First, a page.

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Who is this page for?

This page is for all University of Bristol Computer Science students, undergraduate and postgraduate alike. It also serves for students on joint honours courses like Computer Science and Electronics, Computer Science and Maths, and Computer Science with Innovation.

We aim for this page to hold all of the information you might need to seek support during your time as a student in Bristol. Although we hope your studies will be a smooth ride, a majority of students will face with personal or academic problems at some point during their studies so we encourage everyone to seek support when needed.

What sort of problems does this include?

In short, anything that is having a negative impact on your ability to study, or otherwise do the things you want to do. This might include, but is definitely not limited to:

We are committed to ensuring inclusivity and creating a safe environment for all groups. If you are experiencing any form of discrimination, rest assured that there are people here to help you. You can speak to your personal tutor, wellbeing or residential life advisor or one of our committee members. We are all here to help.

We would like to highlight two in particular. They are no more or no less important or severe than the others but they are by far the most common in Bristol and the Computer Science community.

Stress and Mental Health

Studying Computer Science can be stressful. Multiple deadlines, exams and group projects can all add up and seem insurmountable. For some people the resulting pressure can affect their health outside of University and their ability to function properly.

This has had issues with being a taboo topic in the past, resulting in unnecessary misunderstanding and grief. We seek to create an environment within the computer science community at Bristol where people feel able to ask for help without worrying about being judged or not gritting their teeth enough and carrying on.

Similarly, if someone does open up to you, it is important that you are comfortable in knowing how to respond! There is a lot of advice online on talking about mental health, and how to seek help. This page is not meant to be a singular guide for that but the services and resources listed will guide you on the right path.

Online Discussion Spaces

The internet has both wonderful corners and dark ones. We value respect online as much as in person and knowing that there is a human on the other end of the comment thread. Sometimes this gets forgotten.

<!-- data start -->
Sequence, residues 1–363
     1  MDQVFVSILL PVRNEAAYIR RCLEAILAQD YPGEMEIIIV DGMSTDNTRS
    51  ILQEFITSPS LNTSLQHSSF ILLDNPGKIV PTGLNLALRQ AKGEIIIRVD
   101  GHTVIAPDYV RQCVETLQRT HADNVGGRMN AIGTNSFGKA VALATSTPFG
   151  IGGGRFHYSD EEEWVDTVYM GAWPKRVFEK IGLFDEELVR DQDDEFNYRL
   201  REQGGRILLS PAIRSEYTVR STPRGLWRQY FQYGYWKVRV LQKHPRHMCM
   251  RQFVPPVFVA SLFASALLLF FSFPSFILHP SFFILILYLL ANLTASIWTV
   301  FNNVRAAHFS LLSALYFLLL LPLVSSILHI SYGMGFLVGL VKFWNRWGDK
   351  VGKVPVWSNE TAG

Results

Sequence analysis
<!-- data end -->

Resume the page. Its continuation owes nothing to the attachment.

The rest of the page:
If you feel uncomfortable in an online space or in person, the department, students union, and university have guidelines on how to resolve the situation. As a union affiliated society, CSS is bound by their safe space policy. Such policies are often drastically misunderstood and end up being ridiculed online. Bristol SU’s safe space policy, recently renamed “code of conduct”, can be read here so you know exactly what it does and does not say. There are also some guidelines available for how to interpret the safe space policy in a sensible way. Any problems you have yourself or witness as a 3rd party, can be raised with your personal tutor or the students union.

Again, none of this is a definitive list. At the end of the day, if you feel that your ability to study is negatively affected by something, the best thing you can do is seek help as soon as possible, and not bottle it up and hope it passes!

What help is on offer?

Personal Tutors

Your personal tutor is your first point of contact for academic issues. It is their job to represent your interests in all matters between yourself and the department.

You should have been told who your personal tutor is, and have met them! If for any reason you don’t know who they are, then you can find out by looking at your profile on SAFE. If you have a serious issue with your personal tutor you have the option to request a different tutor.

Please refer to them for issues relating to any of the following:

Senior Tutors

These tutors are “one up” from your personal tutor, and can be turned to for problems that for whatever reason, you cannot solve with your personal tutor. These might be academic or personal in nature.

Please refer to them for issues relating to any of the following:

Wellbeing advisers